those also depended on reltuples to detect bloat so they missed out a lot.
For a long time we simply had recurring crisis. Once I figured out that
ANALYZE could not set reltuples effectively we worked around it by running
ANALYZE VERBOSE on all the large tables and parsing the notices to calculate
the rowcount the same way as in the patch. This works, but is a nuisance.

The main pain points are that when reltuples gets inflated there is no way
to fix it, auto vacuum stops looking at the table and hand run ANALYZE can't
reset the reltuples. The only cure is VACUUM FULL, but that is not really
practical without unacceptable amounts of downtime.

-dg

--
David Gould                                   [hidden email]
If simplicity worked, the world would be overrun with insects.

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Re: [patch] BUG #15005: ANALYZE can make pg_class.reltuples inaccurate.

DavidGould
In reply to this post by Jeff Janes
On Sun, 4 Mar 2018 07:49:46 -0800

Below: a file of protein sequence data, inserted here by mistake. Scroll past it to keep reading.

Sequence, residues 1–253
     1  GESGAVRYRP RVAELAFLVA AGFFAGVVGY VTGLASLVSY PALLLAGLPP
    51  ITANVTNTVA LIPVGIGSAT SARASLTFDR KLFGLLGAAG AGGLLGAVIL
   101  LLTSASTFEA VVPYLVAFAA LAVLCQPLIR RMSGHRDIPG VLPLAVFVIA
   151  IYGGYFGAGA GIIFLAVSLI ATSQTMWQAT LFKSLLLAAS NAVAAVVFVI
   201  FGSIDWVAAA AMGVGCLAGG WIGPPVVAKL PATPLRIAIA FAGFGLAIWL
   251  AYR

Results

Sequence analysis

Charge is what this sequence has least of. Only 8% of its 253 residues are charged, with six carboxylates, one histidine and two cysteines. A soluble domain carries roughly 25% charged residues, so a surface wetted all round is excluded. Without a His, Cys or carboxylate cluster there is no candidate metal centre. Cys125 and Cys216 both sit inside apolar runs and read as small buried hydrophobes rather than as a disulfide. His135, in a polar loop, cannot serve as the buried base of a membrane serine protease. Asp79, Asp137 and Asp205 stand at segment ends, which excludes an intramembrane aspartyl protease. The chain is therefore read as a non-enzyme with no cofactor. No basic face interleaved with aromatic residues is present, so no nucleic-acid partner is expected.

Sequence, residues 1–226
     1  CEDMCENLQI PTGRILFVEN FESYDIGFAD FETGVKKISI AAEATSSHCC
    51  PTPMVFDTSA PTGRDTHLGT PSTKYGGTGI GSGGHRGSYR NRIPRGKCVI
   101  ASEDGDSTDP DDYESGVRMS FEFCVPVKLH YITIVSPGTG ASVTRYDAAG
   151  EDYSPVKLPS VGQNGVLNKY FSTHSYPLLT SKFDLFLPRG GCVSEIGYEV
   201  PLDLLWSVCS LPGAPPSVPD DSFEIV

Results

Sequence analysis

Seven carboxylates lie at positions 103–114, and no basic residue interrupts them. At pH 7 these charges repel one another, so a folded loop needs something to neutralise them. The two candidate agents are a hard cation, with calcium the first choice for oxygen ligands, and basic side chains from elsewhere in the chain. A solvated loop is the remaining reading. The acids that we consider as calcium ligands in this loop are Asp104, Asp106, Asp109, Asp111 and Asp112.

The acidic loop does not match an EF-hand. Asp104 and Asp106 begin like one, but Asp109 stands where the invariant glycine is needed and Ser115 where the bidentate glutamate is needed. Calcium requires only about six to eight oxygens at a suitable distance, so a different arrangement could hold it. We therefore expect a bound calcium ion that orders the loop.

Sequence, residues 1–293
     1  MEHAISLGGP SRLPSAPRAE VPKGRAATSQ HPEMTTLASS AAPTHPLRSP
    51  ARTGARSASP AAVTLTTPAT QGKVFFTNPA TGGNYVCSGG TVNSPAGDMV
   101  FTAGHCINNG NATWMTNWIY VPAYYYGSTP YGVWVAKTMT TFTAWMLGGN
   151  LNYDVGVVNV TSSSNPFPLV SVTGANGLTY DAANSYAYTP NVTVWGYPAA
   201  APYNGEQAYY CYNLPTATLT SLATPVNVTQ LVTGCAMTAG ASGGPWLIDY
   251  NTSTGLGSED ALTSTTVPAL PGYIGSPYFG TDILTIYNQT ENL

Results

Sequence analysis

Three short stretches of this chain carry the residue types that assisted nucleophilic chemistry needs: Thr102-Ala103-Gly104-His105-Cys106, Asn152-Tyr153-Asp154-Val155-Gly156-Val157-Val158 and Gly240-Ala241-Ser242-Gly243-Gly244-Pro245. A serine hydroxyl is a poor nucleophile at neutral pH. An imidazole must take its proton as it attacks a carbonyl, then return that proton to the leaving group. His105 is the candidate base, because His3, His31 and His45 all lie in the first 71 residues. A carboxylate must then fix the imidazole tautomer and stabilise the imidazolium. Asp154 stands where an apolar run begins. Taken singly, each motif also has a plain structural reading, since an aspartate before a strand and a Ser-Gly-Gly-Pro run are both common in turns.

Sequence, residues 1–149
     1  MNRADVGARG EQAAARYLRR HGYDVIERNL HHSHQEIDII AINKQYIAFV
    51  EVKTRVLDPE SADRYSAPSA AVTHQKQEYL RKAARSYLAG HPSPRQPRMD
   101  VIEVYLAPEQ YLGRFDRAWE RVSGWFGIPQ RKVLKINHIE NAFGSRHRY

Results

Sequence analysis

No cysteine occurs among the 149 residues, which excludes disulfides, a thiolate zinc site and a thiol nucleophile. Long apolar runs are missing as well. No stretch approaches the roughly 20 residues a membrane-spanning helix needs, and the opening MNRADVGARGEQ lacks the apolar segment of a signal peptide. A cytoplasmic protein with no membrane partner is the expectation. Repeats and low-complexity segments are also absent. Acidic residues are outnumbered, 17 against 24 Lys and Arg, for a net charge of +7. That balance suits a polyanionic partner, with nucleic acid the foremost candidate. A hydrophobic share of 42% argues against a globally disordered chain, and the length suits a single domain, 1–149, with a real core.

Jeff Janes <[hidden email]> wrote:

> In any event, I agree with your analysis that ANALYZE should set the number
> of tuples from scratch.  After all, it sets the other estimates, such as
> MCV, from scratch, and those are much more fragile to sampling than just
> the raw number of tuples are.  But if the default target is set to 1, that
> would scan only 300 pages.  I think that that is a little low of a sample
> size to base an estimate on, but it isn't clear to that using 300 pages
> plus whacking them around with an exponential averaging is really going to
> be much better.  And if you set your default target to 1, that is
> more-or-less what you signed up for.
>
> It is little weird to have VACUUM incrementally update and then ANALYZE
> compute from scratch and discard the previous value, but no weirder than
> what we currently do of having ANALYZE incrementally update despite that it
> is specifically designed to representatively sample the entire table.  So I
> don't think we need to decide what to do about VACUUM before we can do
> something about ANALYZE.